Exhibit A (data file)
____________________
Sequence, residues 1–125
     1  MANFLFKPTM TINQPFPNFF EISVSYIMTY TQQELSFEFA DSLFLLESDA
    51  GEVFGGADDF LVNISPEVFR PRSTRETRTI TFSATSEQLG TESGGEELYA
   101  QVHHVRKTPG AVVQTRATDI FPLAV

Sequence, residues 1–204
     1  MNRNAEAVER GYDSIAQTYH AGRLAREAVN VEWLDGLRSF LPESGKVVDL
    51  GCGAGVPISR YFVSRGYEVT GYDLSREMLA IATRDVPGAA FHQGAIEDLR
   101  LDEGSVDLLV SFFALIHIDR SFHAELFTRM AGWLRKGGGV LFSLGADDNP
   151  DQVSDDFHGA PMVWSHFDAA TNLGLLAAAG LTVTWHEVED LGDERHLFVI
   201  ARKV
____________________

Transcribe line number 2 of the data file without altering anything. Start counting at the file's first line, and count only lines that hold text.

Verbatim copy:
     1  MANFLFKPTM TINQPFPNFF EISVSYIMTY TQQELSFEFA DSLFLLESDA